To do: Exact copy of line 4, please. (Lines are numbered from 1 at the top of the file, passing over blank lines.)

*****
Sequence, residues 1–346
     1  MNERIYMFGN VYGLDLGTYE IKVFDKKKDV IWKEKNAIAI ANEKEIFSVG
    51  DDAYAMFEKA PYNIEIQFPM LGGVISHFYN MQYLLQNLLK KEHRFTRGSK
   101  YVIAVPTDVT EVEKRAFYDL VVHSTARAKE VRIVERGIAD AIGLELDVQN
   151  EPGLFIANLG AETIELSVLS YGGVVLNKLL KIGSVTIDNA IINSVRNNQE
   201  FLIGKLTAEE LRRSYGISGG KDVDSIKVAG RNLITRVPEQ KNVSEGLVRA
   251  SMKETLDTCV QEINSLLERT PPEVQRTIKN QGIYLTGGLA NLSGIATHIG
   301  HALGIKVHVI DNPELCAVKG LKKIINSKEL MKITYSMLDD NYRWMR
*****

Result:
   101  YVIAVPTDVT EVEKRAFYDL VVHSTARAKE VRIVERGIAD AIGLELDVQN